You may think bladder control problems are something that happen when you get older. The truth is that women of all ages have urine leakage. The problem is also called incontinence. Men leak urine too, but the problem is more common in women.
Many women leak urine when they exercise, laugh hard, cough, or sneeze.
- Often women leak urine when they are pregnant or after they have given birth
- Women who have stopped having their periods—menopause—often report bladder control problems
- Female athletes of all ages sometimes have urine leakage during strenuous sports activities
Urine leakage may be a small bother or a large problem. About half of adult women say they have had urine leakage at one time or another. Many women say it’s a daily problem.
Urine leakage is more common in older women, but that doesn’t mean it’s a natural part of aging. You don’t have to “just live with it.” You can do something about it and regain your bladder control.
Incontinence is not a disease. But it may be a sign that something is wrong. It’s a medical problem, and a doctor or nurse can help.
Also read: Kegel Exercises for Bladder Problems
How does the Bladder Work?
Anatomical drawing front view of the female urinary tract. Labels point to pelvic floor muscles, sphincter muscles, bladder muscle, urethra, and urine.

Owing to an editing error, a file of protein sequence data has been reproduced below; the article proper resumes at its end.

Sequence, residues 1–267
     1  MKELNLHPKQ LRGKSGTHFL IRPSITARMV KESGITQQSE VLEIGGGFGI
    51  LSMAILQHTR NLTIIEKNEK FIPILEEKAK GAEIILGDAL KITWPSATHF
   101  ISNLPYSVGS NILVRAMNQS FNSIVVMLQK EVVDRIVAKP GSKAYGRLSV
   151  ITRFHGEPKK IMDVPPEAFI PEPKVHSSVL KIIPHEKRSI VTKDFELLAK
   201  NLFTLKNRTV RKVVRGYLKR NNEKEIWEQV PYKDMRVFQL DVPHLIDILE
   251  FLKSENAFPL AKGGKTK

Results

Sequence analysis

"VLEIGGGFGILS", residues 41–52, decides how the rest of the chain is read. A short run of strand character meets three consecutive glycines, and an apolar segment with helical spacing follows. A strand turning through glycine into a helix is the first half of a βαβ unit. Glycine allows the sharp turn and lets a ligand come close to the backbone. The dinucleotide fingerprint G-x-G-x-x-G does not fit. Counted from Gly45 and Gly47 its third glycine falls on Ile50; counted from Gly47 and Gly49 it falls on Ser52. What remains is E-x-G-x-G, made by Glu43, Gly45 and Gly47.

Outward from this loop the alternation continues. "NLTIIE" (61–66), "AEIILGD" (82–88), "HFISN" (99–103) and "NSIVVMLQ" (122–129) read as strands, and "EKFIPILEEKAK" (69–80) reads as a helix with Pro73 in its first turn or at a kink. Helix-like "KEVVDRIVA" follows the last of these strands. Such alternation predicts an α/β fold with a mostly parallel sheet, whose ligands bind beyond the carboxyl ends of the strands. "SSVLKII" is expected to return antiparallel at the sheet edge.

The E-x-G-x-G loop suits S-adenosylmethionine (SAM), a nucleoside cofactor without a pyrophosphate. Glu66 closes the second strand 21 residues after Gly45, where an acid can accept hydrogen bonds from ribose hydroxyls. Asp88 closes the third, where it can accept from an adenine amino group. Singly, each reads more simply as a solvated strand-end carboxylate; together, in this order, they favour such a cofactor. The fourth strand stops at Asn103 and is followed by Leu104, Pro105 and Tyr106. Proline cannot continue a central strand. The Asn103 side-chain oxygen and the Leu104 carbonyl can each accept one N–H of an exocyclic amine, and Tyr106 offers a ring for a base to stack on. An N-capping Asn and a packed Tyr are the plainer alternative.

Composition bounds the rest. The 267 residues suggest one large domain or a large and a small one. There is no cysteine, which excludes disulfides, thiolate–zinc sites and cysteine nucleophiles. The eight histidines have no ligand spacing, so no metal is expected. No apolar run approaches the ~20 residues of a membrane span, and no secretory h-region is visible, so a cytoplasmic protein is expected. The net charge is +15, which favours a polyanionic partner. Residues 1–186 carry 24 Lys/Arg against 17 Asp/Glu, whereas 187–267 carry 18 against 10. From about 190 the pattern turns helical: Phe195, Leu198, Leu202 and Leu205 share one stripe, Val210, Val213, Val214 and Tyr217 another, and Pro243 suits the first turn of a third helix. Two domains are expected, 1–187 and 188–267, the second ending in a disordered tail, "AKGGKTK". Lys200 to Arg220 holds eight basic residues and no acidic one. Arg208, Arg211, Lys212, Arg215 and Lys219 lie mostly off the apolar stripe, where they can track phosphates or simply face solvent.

Parts of the bladder control system.The bladder is a balloon-shaped organ that stores and releases urine. It sits in the pelvis. The bladder is supported and held in place by pelvic muscles. The bladder itself is a muscle.
The tube that carries urine from your body is called the urethra. Ring-like muscles called sphincters help keep the urethra closed so urine doesn’t leak from the bladder before you’re ready to release it.
A side view with labels pointing to the womb, bowel, bladder, urethra, pubic bone, and pelvic floor muscles
A bottom view with labels pointing to the leg, urethra, vagina, pelvic floor muscles, and anus.
Also read: How to Deal with Stress Urinary Incontinence
Parts of the Bladder Control System
Several body systems must work together to control the bladder.
- Pelvic floor muscles hold the bladder in place
- Sphincter muscles keep the urethra closed
- The bladder muscle relaxes when it fills with urine and squeezes when it’s time to urinate
- Nerves carry signals from the bladder to let the brain know when the bladder is full
- Nerves also carry signals from the brain to tell the bladder when it’s time to urinate
- Hormones help keep the lining of the bladder and urethra healthy
- Bladder control problems can start when any one of these features is not working properly
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